Sat | Nov 27, 2021

Miqueal-Symone Williams ready to Bloom

MUJ to continue altruism; sets sights on master’s and make-up contract in future

Published:Tuesday | May 25, 2021 | 12:12 AMStephanie Lyew/Gleaner Writer
Williams will take some much-needed rest before jumping into her duties, which includes her Bloom initiative and work with the Office of the Children’s Advocate, for which she is an official ambassador, and the Jamaican Mental Health Advocacy Network.
Williams will take some much-needed rest before jumping into her duties, which includes her Bloom initiative and work with the Office of the Children’s Advocate, for which she is an official ambassador, and the Jamaican Mental Health Advocacy Network.
Williams also hopes to pursue a master’s degree in international marketing.
Williams also hopes to pursue a master’s degree in international marketing.
The Jamaican beauty said she was ‘extremely disappointed’ when she did not make it to the top five of the Miss Universe pageant but that she is ready to make an impact and use and build her growing platform.
The Jamaican beauty said she was ‘extremely disappointed’ when she did not make it to the top five of the Miss Universe pageant but that she is ready to make an impact and use and build her growing platform.
Miss Universe Jamaica Miqueal-Symone Williams arrives at the Normal Manley International Airport in Kingston last Thursday after competing at the 69th Miss Universe pageant, which was held at the Seminole Hard Rock Hotel & Casino in Hollywood, Florida, on
Miss Universe Jamaica Miqueal-Symone Williams arrives at the Normal Manley International Airport in Kingston last Thursday after competing at the 69th Miss Universe pageant, which was held at the Seminole Hard Rock Hotel & Casino in Hollywood, Florida, on Sunday, May 16.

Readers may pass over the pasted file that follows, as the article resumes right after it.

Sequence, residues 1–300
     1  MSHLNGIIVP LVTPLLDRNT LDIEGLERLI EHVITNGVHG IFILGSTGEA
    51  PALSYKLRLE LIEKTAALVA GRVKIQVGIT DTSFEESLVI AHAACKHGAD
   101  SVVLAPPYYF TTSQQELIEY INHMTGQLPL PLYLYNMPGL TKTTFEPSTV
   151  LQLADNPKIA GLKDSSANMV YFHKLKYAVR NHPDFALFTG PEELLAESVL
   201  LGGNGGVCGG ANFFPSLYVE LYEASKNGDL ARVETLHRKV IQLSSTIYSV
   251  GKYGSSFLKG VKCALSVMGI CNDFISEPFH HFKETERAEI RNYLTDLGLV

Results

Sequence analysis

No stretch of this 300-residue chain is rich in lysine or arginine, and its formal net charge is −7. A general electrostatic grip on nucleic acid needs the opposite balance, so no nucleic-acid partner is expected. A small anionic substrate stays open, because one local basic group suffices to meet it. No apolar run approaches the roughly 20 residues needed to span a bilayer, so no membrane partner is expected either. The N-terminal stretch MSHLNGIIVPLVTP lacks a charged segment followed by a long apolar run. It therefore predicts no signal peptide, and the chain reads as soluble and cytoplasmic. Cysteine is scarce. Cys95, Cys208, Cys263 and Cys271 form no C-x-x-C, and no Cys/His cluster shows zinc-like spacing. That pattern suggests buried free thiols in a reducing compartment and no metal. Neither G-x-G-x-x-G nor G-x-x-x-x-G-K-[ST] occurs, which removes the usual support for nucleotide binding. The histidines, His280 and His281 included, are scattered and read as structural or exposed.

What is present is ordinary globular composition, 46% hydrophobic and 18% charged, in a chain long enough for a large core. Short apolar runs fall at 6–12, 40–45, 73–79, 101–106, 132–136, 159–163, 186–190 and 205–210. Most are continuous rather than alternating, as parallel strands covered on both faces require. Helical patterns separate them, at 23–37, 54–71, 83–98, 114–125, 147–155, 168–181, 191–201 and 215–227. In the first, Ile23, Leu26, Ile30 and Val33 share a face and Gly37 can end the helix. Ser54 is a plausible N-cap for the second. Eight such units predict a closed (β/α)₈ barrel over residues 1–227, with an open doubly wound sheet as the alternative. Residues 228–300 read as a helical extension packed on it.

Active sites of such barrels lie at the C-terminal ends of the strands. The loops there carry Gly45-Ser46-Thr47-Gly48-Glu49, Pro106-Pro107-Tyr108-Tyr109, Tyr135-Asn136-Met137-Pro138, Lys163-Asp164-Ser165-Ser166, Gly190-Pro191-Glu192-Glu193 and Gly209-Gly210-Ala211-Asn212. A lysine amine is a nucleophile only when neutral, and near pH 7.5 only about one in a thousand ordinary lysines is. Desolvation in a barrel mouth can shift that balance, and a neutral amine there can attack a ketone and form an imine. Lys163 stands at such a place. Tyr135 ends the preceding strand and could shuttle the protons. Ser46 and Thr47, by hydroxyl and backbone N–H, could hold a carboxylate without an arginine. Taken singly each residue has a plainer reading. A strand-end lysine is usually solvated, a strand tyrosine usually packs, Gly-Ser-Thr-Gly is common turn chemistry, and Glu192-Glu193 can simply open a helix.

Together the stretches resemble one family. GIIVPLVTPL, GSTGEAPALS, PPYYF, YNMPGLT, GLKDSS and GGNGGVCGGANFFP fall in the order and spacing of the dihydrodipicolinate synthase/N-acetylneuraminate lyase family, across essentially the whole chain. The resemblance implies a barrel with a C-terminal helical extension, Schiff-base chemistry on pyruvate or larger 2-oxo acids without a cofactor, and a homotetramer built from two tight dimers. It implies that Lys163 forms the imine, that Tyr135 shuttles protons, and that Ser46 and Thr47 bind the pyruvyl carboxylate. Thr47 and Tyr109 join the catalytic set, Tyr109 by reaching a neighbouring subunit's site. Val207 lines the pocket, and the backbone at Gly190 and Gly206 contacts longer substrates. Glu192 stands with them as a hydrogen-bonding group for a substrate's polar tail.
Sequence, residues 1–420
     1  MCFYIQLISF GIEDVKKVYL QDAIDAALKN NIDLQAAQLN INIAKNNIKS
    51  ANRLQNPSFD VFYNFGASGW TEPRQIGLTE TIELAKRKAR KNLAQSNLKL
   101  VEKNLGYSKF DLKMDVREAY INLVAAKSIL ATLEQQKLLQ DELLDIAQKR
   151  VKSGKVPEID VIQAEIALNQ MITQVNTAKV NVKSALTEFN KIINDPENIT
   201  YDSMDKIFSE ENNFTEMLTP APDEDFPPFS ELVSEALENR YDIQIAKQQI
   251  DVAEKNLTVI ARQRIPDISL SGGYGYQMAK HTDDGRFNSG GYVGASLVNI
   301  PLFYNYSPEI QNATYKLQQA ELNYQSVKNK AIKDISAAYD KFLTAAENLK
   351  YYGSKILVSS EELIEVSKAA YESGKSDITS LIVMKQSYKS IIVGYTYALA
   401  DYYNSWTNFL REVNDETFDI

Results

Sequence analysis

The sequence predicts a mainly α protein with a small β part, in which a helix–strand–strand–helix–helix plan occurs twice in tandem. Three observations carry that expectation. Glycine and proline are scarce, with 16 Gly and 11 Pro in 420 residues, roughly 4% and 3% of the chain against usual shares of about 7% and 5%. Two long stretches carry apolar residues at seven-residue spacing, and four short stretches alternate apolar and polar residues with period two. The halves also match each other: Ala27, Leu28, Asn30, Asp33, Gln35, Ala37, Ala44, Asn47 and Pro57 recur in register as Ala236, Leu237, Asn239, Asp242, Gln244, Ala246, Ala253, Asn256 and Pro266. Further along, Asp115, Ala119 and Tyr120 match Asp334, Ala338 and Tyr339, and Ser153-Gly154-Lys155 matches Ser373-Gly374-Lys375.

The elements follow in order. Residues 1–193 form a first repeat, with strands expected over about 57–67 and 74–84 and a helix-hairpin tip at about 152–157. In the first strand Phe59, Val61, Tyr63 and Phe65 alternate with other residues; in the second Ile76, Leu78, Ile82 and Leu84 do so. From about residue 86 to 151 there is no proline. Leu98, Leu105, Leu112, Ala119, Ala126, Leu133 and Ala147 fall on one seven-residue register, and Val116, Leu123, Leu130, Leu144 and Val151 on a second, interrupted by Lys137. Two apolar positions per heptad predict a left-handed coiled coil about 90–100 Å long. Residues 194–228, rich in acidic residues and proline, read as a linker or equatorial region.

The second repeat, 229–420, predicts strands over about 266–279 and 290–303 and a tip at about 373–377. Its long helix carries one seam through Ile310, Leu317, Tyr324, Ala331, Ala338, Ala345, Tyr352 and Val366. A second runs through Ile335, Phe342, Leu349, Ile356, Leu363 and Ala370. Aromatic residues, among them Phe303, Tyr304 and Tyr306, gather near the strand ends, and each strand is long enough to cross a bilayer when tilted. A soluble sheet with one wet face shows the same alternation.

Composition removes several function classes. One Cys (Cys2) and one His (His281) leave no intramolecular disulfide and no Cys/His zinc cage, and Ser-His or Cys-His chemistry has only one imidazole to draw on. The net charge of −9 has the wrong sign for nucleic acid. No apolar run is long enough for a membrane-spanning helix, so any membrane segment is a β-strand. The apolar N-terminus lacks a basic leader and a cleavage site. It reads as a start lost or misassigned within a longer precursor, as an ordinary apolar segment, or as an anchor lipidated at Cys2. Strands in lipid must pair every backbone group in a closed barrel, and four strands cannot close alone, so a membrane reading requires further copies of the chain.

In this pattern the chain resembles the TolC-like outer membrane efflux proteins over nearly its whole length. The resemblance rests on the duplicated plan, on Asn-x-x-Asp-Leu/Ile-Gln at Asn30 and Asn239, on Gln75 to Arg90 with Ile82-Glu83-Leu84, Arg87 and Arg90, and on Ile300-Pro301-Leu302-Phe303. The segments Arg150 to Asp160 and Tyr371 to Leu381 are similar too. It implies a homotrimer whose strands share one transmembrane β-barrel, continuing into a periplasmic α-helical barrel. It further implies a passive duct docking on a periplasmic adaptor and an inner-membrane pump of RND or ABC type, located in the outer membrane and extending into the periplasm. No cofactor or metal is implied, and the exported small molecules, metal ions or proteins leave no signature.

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Miss Universe Jamaica Miqueal-Symone Williams is looking to rest and recharge after competing in the 69th Miss Universe pageant. Williams, who is also a Pulse International model, returned to the island last Thursday and is expected to quarantine for the next two weeks. This is time she will use for much-needed rest.

“It was a very gruelling 10 days. Personally, I am one individual who believes rest and self-care are important. I always say, you will be dramatically less productive if you tire yourself out. So, for the next two weeks, the focus will be all about rest, recuperation, and Netflix. After that, I’m back into the grind immediately,” she told The Gleaner.

Williams, who was hoping to inherit the crown from the outgoing queen, Zozibini Tunzi, said she was “extremely disappointed” when she did not make it to the top five of the Miss Universe pageant and achieve what she had set out to do over three years. The Jamaican representative exited the competition in the top 10, where her name was the first announced for the top 10 finalists.

“After the initial feelings of hurt, I decided to hold on to the fact that I believe in myself and I am still capable. Now, I have the opportunity to show persons that even though we may not get what we want, we have what we need,” the St Andrew-born-and-raised beauty said.

She added: “The fact that I didn’t win the competition doesn’t change who I am, how capable I am, and how impactful I am and aim to be. I am endlessly grateful to have the support of my country and so many other persons who see the potential in me.”

READY TO BLOOM